So how’d I get to be pain free? How did my recovery begin?
Well, it took a whole lot of time, patience, and hard work. But there are five elements that really put me over the top, all of which I’d like to speak about here.
Once I resolved that my sciatica was not going away on its own, and that I needed to do everything in my power to conquer this beast, finding the right medical professional was no simple task.
I knew at this point to run when I heard things like “The pain will start going away tomorrow.” Most folk I met radiated an arrogance that made me uneasy. I knew the task ahead of me was not going to be easy. And any smug charlatan who promised me anything other than a challenging process would likely be ignored.
In addition, I knew I needed someone whose hours wouldn’t cause me undue stress.
Most were disqualified, and very quickly.
1) She’s the One they Call Dr. Feelgood
My current physical therapist not only had uniquely accommodating hours, but quickly made me know I found the right person. These were some of the gems that caught my attention:
a. We searched for the underlying problems, and their underlying causes as well. No stone was left unturned.
b. She shared of her knowledge, freely and abundantly.
c. She made no promises of a quick recovery. Rather, she was honest about every step of the process.
d. Finally, and this was a big one for me, she encouraged me to keep exercising. In fact, she said it was my fitness level that prevented a far worse pain, which I can’t even imagine. Others told me to stop what I was doing, which just meant continued pain, none of the mental relief I get from exercise, and the frustration of going backwards in my fitness goals.
But this was a system where I could continuously accomplish my life’s goals while simultaneously recovering. And didn’t have to feel like every time I hit the gym I was destroying my life.
2) Stretching the Night Away
Not long ago I wrote about easy health things I just can’t get myself to do. Stretching was prominently featured.
And I’m not going to lie. I still hate stretching. It bores me to tears, and even though I love the results, if it weren’t necessary, I would never waste my precious days with this miserable activity.
However, stretching is a vital component to recovery, and now I find myself doing it all the time. Religiously. I only wish it didn’t drive me crazy, because it is quite clear that without a whole lot of stretching, I wouldn’t be anywhere near where I am now.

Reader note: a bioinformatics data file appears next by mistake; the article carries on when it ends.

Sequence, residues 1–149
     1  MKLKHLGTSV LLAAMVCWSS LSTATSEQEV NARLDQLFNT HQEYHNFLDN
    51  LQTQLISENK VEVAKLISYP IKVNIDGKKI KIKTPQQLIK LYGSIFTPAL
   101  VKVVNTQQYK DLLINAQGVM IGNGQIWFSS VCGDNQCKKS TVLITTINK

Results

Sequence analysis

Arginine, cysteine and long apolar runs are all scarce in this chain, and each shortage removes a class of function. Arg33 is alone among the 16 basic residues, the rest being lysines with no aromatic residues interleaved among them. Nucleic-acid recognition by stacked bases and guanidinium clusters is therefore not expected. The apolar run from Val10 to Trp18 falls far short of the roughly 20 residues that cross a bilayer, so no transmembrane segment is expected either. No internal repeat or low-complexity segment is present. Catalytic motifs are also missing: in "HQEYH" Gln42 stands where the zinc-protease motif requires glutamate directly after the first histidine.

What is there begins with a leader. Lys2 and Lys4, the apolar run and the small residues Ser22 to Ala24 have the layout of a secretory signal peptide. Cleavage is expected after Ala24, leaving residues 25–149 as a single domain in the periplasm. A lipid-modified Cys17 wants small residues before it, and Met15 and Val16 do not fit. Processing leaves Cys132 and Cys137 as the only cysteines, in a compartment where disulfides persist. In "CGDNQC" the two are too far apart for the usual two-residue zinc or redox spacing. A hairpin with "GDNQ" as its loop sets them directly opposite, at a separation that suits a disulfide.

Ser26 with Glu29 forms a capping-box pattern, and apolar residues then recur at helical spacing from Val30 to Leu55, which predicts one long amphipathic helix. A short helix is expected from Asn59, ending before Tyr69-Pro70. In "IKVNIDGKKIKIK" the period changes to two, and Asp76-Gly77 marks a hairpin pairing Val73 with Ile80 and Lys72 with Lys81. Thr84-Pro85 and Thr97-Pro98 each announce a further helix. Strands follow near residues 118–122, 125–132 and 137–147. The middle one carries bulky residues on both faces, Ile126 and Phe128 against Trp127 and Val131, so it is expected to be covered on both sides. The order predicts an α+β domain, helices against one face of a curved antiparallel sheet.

3) Get Up, Stand Up
When sitting all day long became too painful of an option, my only other choice was to figure out how to work lying down.
This was very unnatural for me, on so many levels. And it became my norm for well over a year.
And as I just got used to this lifestyle, I could feel myself falling apart from the inside out. Sitting all day long is absolutely terrible for the system, and lying down all day long takes everything to the next level of detrimental.
I could feel my muscles weakening, and despite constantly resting the parts of me that hurt, it didn’t feel like doing so was bringing me even slightly closer to recovery.
My work supervisor pushed for me to order a standing desk (on the company’s dime) and I couldn’t be happier that he did (Thanks Yitzi!). Once the contraption finally arrived, and I eventually pushed myself to start using it consistently, my recovery started speeding up like never before.
I already knew movement was an essential part of getting better. I had no clue that being on my feet all day long would accelerate the recovery at this pace.
And God knows, I couldn’t be happier about it.
4) I Would Do Anything For Recovery (EVEN That)
In order to cope with the pain, and hopefully expedite recovery, I tried everything I could find. I drank more water. I stopped drinking coffee. Supplements galore, all sorts of different stretches, exercises to work on other parts of my body peripherally connected to the injured one. I got new shoes. I tried to avoid anything and everything that exacerbated the pain.
In short, if I learned about or someone suggested something that might help me, I gave it a try. Did any one of these things make a difference? Or did their collective value come together to get me to where I am now? Or was it all a whole lot of wasted time and money? Or perhaps each one was a placebo, giving me false confidence that better times were ahead?
One thing is for sure: I’m doing a lot better now than I was doing several months ago. Maybe some or none of these methods helped me. I may never know. But I’ll also never regret trying everything I could get my hands on. Finally arriving at lengthy moments without pain is so obviously worth it.
5) You are My Sunshine
Last and by no means least, I can’t thank my fantastic wife enough. If it weren’t for her support and patience, I would still be lying on the floor writhing in pain, not a doubt in my mind.
My beautiful, fantastic, and overwhelmingly kind wife encouraged me to seek medical attention. She pushed me when I had basically given up.
She found me my fantastic physical therapist, drove me to each and every appointment, and put up with endless moaning and complaining.
But more than anything, she represented hope. I had all but given up. I assumed my life would forever be pain. Sitting down comfortably would be something I would never experience again. Devorah repeatedly assured me that wasn’t the case. There is an end somewhere to all of this. And if it weren’t for my rock, I’d be nowhere.
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